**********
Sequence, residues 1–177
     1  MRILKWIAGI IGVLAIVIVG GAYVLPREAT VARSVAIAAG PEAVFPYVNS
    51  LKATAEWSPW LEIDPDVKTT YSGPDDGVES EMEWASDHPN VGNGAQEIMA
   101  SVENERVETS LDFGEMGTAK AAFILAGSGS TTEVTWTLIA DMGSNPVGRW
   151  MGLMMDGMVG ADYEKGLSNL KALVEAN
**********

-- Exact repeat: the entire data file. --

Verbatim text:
Sequence, residues 1–177
     1  MRILKWIAGI IGVLAIVIVG GAYVLPREAT VARSVAIAAG PEAVFPYVNS
    51  LKATAEWSPW LEIDPDVKTT YSGPDDGVES EMEWASDHPN VGNGAQEIMA
   101  SVENERVETS LDFGEMGTAK AAFILAGSGS TTEVTWTLIA DMGSNPVGRW
   151  MGLMMDGMVG ADYEKGLSNL KALVEAN